The politics of trade provides another illustration of this structural interdependence. The British government is currently negotiating an exit from the European Union (EU); subsequently it plans to negotiate both how it will retain access to European markets and how it will trade with other countries, including the United States. Britain’s European partners are unhappy that the UK is leaving the EU and they are worried that Britain’s departure will set a precedent for other disgruntled member states – either now or at some point in the future. Nevertheless, Britain’s European partners have a strong interest in maintaining close economic relations with the United Kingdom; they also have an interest in ensuring that Britain’s departure does not disrupt European manufacturing ‘value chains’ or result in the reintroduction of customs borders as, for example, between Northern Ireland and the Irish Republic.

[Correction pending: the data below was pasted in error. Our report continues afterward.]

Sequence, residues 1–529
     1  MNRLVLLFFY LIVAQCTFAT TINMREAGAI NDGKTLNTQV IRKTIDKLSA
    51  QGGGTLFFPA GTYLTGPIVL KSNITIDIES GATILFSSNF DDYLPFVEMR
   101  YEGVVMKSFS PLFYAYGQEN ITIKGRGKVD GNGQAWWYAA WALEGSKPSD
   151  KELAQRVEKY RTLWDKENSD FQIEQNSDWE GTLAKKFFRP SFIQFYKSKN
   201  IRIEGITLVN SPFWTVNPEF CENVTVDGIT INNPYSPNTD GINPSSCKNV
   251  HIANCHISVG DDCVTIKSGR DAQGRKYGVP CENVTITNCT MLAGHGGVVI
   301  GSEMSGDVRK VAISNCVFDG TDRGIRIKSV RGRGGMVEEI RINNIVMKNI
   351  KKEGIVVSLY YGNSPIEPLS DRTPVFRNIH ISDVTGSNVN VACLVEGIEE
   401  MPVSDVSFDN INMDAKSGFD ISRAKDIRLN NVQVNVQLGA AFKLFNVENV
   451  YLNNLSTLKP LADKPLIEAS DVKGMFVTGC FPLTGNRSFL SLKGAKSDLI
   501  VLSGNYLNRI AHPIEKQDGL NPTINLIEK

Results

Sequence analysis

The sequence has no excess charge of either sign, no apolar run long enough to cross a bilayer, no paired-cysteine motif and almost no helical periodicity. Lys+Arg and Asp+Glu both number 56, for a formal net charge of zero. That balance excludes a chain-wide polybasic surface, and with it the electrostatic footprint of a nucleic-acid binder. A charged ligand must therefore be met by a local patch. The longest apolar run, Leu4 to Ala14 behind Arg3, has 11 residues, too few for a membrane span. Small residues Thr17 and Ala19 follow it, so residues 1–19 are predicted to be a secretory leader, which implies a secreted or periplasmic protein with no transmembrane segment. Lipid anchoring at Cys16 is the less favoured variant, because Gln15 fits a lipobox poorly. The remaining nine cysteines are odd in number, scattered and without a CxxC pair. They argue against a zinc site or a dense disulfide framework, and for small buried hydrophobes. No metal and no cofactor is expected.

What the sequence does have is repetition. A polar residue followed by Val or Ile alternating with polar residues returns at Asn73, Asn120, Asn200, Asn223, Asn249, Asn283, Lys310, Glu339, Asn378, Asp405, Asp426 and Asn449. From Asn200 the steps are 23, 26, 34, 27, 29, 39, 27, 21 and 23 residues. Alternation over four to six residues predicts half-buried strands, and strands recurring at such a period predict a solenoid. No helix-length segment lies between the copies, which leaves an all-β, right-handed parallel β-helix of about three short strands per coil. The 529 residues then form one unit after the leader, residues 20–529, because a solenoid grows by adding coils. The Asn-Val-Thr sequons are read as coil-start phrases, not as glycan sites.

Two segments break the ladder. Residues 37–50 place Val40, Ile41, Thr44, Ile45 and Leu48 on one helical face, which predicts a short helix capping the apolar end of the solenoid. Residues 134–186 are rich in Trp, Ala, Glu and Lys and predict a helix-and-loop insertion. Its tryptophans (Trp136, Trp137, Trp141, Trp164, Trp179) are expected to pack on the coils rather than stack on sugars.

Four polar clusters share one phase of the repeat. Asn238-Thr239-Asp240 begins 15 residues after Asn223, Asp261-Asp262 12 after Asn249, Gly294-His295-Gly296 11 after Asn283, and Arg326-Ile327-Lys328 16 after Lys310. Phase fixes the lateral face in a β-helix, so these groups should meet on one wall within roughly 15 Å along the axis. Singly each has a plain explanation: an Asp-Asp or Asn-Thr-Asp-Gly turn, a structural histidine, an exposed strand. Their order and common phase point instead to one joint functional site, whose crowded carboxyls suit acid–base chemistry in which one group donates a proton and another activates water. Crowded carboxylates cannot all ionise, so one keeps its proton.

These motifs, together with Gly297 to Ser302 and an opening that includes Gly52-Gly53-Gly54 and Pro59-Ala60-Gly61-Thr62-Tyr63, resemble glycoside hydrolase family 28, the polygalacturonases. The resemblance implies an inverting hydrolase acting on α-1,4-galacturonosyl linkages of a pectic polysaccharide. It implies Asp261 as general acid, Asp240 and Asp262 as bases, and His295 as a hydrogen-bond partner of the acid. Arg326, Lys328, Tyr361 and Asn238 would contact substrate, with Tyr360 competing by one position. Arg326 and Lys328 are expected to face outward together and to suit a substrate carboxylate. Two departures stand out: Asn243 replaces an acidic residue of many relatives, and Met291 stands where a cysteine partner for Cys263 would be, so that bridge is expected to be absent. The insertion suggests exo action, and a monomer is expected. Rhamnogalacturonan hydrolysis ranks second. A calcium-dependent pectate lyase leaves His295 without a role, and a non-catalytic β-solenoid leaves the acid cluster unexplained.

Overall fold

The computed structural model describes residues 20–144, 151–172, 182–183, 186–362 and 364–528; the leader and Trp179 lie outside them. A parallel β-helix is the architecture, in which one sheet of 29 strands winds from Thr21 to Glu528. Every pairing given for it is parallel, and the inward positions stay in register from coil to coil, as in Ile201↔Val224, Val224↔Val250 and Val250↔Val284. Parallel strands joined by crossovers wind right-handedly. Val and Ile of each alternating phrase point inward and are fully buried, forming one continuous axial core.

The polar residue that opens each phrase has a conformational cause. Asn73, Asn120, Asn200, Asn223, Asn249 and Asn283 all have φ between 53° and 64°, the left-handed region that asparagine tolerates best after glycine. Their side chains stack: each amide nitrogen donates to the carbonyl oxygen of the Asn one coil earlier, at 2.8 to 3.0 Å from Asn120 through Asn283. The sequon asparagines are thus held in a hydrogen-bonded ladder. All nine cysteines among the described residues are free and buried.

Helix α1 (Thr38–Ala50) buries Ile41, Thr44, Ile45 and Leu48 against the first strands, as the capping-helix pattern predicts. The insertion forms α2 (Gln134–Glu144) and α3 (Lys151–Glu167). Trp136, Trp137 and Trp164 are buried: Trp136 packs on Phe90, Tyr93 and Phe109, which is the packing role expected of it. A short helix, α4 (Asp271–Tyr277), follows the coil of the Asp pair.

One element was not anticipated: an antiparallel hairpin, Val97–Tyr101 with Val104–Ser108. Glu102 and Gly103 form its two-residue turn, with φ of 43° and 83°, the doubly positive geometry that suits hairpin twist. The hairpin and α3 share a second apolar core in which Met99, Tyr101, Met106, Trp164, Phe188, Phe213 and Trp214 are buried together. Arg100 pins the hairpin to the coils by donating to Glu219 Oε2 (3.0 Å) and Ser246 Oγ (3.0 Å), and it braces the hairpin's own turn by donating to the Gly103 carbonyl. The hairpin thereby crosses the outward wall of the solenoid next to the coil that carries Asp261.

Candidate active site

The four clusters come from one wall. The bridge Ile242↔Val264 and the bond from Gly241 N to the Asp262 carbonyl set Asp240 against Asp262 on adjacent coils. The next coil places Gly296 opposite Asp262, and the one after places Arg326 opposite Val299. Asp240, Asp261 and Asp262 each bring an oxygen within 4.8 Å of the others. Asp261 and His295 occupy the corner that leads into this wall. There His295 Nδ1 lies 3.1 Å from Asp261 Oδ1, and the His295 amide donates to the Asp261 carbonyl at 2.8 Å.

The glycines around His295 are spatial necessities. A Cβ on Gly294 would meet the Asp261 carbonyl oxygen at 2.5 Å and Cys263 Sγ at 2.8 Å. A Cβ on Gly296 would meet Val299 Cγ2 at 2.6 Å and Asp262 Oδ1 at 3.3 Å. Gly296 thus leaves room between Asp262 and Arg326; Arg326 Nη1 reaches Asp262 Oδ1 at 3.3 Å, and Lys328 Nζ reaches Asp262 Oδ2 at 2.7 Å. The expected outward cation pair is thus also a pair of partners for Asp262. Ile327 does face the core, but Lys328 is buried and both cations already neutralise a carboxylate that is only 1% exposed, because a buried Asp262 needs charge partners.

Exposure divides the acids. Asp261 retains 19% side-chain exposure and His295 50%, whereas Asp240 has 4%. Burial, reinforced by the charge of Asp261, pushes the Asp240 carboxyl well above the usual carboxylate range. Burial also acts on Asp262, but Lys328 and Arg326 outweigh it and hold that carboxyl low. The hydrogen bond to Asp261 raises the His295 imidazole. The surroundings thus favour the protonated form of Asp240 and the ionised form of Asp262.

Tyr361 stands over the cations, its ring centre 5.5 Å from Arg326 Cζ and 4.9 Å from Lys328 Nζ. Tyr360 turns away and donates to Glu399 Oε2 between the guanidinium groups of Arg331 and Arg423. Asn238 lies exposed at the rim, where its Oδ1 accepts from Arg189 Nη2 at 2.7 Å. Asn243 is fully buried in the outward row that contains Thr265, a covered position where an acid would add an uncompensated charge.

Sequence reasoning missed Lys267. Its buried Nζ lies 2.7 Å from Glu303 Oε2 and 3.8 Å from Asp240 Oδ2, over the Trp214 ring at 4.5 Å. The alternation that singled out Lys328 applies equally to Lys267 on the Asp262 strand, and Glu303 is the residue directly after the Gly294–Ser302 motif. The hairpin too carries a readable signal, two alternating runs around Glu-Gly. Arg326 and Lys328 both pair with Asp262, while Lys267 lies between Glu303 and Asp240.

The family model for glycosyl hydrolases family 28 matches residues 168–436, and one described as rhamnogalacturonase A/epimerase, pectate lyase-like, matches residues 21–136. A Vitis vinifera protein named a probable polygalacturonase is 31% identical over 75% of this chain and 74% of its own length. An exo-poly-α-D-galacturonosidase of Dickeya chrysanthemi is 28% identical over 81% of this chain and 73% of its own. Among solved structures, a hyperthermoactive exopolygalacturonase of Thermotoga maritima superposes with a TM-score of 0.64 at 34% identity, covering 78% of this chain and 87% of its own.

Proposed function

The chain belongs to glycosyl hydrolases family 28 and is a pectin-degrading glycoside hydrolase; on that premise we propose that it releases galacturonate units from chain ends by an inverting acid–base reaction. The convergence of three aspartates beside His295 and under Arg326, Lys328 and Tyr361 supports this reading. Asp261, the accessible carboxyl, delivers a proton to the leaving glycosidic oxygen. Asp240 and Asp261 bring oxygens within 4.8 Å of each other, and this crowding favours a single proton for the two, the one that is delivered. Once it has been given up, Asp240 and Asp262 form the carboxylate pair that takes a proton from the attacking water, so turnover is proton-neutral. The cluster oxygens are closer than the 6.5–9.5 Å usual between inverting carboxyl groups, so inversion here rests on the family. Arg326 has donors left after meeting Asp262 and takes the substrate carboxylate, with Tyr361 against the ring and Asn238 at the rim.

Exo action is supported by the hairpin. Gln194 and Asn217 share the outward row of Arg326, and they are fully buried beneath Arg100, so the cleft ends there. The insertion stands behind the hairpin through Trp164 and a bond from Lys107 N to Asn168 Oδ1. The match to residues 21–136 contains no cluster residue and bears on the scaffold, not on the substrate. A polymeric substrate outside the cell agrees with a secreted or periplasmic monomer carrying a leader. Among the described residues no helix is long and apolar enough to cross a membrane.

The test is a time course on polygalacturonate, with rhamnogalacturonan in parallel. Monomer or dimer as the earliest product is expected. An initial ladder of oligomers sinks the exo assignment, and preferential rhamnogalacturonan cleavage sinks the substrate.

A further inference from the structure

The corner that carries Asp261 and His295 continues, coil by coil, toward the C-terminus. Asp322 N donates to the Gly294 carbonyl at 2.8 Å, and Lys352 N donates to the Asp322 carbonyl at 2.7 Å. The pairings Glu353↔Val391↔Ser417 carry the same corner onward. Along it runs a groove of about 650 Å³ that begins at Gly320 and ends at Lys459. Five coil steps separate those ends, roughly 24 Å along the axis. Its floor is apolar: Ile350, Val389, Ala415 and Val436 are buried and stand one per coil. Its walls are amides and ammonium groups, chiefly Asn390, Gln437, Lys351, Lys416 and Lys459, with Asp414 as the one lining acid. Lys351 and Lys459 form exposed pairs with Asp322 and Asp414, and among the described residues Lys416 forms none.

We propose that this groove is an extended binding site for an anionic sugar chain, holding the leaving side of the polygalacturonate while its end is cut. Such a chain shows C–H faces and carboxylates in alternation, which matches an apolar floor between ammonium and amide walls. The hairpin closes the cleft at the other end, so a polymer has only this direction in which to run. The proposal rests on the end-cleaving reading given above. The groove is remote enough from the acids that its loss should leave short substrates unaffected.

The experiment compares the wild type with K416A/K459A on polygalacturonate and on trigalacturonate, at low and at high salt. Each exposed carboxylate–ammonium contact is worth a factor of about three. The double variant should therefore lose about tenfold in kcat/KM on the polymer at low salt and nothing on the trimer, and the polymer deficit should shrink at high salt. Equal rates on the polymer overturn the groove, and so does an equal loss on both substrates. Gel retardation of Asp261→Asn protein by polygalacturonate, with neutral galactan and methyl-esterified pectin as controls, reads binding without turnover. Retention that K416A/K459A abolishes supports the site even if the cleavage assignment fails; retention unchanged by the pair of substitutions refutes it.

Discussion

The problem is that any trade arrangement that Britain negotiates with the rest of Europe will hinge in many respects on the trade relations that Britain negotiates with the United States. The issues here are technical and run from the sanitary and phytosanitary standards that govern the trade in agriculture to the certification of regulatory compliance in manufacturing and the documentation required for tracing the rules of origin for complex products. If the UK makes it easier for US firms to export genetically modified organisms into British agricultural markets, that could make it harder for British farmers to send their own produce for sale in the rest of Europe. Other regulatory standards including record keeping for ‘rules of origin’ are a further complication. The issue is not that the British will be unable to show equivalence or to meet European reporting requirements; rather it is that the translation of one set of standards into another is precisely the kind of activity that takes place at customs facilities (and that constitutes the ‘friction’ in the global marketplace). Regulatory convergence across the Atlantic would make this situation much easier to manage. The kind of transactionalist deal-making favoured by the Trump administration will make it harder.